When they reach adolescence and learn that the serious values of the adult world are actually flimsy and subjective, some people take this realization in stride and begin to form their own value system, while others turn into nihilists who believe that, because nothing in particular is absolutely valuable for everyone, nothing matters at all. Giving up on existence, they try to destroy it by creating “disorder and anarchy” or even committing suicide.
The Nihilist Quotes in The Ethics of Ambiguity
The The Ethics of Ambiguity quotes below are all either spoken by The Nihilist or refer to The Nihilist. For each quote, you can also see the other characters and themes related to it (each theme is indicated by its own dot and icon, like this one:).
Part 2 Quotes
The fundamental fault of the nihilist is that, challenging all given values, he does not find, beyond their ruin, the importance of that universal, absolute end which freedom itself is.
Related Characters: Simone de Beauvoir (speaker), The Nihilist
Related Symbols: Suicide
Page Number and Citation:
Explanation and Analysis:
The Nihilist Character Timeline in The Ethics of Ambiguity
The timeline below shows where the character The Nihilist appears in The Ethics of Ambiguity. The colored dots and icons indicate which themes are associated with that appearance.
Part 2: Personal Freedom and Others
...“wills himself to be a god” despite knowing that he cannot be, often turning into a nihilist when forced to confront the limits of his power and the arbitrariness of his goals. (full context)
...older people who fail to become the being they wanted to be. Unlike the sub-man, nihilists initially embrace their existence before giving up on it. Some are demoniacal men, who maintain... (full context)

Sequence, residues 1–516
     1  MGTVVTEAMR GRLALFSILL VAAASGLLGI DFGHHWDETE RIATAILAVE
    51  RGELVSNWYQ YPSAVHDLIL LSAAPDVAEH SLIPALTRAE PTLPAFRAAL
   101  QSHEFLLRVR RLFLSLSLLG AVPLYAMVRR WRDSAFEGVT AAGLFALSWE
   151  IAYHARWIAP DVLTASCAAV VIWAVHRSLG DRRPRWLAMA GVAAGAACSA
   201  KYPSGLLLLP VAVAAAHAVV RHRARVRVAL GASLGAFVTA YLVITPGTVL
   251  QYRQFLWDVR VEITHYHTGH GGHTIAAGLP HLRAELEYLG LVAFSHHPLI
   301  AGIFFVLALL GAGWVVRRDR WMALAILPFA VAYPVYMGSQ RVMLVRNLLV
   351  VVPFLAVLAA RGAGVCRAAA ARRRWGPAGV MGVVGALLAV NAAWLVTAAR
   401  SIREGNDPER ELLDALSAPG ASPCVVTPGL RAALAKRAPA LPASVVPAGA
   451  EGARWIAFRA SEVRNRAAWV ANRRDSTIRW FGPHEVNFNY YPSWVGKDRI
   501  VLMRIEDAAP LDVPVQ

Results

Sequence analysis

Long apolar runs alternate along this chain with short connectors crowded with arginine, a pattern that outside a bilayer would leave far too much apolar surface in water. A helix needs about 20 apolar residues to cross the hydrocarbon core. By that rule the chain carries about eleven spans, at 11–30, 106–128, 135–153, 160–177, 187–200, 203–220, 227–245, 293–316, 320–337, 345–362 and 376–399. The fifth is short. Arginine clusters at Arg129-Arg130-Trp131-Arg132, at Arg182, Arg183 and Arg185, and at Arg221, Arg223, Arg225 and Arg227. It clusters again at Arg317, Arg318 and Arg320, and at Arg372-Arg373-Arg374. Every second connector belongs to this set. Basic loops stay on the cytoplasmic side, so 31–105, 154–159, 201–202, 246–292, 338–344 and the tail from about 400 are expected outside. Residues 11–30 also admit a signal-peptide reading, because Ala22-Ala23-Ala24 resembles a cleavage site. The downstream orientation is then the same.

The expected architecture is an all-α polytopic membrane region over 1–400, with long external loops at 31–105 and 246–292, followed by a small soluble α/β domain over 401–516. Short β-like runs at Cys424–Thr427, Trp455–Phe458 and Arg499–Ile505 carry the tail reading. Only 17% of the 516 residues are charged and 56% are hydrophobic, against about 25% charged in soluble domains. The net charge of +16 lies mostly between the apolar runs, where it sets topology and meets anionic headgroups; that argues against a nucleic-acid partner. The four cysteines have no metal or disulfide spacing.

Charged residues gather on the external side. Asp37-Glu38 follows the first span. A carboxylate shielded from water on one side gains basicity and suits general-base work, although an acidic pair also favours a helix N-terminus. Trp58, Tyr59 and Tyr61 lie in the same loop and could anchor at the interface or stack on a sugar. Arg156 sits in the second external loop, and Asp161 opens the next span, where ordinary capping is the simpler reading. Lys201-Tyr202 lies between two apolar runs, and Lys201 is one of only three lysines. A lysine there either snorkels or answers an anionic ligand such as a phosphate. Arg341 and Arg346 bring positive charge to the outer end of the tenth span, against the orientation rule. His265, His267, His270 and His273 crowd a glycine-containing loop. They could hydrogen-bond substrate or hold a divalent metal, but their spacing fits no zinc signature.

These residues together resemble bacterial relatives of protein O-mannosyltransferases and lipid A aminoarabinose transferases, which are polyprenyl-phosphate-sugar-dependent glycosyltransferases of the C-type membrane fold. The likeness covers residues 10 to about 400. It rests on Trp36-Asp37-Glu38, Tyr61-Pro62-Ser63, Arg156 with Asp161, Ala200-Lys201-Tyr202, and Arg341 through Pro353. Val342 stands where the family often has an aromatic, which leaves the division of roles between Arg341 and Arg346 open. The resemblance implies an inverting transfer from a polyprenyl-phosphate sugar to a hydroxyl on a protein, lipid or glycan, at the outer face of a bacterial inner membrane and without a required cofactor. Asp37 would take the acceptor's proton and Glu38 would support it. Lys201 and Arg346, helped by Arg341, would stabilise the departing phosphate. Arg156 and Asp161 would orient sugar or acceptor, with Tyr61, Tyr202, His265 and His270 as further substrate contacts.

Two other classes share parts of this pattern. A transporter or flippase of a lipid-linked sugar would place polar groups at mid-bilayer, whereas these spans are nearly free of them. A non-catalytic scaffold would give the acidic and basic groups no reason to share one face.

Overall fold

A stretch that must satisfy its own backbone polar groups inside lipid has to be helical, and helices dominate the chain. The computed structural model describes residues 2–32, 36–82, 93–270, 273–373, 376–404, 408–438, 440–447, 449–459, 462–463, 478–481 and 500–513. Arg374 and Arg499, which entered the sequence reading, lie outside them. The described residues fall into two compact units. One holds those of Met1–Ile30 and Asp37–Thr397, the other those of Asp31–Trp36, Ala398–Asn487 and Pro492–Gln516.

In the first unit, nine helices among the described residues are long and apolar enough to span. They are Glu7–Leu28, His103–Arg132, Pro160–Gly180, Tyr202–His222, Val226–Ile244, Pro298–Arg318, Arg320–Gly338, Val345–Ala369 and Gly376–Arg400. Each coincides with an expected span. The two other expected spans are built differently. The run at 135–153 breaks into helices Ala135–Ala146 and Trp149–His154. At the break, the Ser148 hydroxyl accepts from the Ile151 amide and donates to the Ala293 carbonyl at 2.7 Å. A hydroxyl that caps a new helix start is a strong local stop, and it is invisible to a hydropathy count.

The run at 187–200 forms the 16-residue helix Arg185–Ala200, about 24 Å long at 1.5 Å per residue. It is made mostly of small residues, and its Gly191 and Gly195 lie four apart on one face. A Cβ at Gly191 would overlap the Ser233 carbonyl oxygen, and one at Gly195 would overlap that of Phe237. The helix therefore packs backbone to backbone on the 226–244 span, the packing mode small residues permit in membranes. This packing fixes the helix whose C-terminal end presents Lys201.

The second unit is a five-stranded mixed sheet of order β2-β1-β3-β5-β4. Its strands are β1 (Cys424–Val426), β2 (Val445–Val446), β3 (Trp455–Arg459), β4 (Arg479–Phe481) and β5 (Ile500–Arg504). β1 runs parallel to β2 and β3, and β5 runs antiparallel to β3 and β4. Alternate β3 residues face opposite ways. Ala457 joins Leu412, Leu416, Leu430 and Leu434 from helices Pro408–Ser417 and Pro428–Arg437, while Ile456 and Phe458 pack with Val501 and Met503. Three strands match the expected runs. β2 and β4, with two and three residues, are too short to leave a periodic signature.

Some nihilists commit suicide, and others give up and turn to different attitudes, which de Beauvoir illustrates... (full context)
...nihilist, de Beauvoir insists, is correct to see “the ambiguity of the human condition.” But nihilism does not see that people are responsible for defining themselves and building their own lives;... (full context)
...about conquest and “action for its own sake” than actually achieving any particular end. Like the nihilist , he scorns the serious world, yet he sees nothingness and ambiguity as a positive... (full context)
But the characteristic adventurer simply ignores his impact on other people, who (like the nihilist ) he sees as instruments for his own power. To get power, he ends up... (full context)
...a separate creative or critical world cut off from people. While seriousness often turns to nihilism, critical thought inevitably turns from the negative rejection of other thought to the positive elevation... (full context)
Part 3: The Positive Aspect of Ambiguity, Section 3: The Antinomies of Action
Like “nihilistic pessimism,” the “rationalistic optimism” of thinking like Hegel’s ends up undermining itself. There is no... (full context)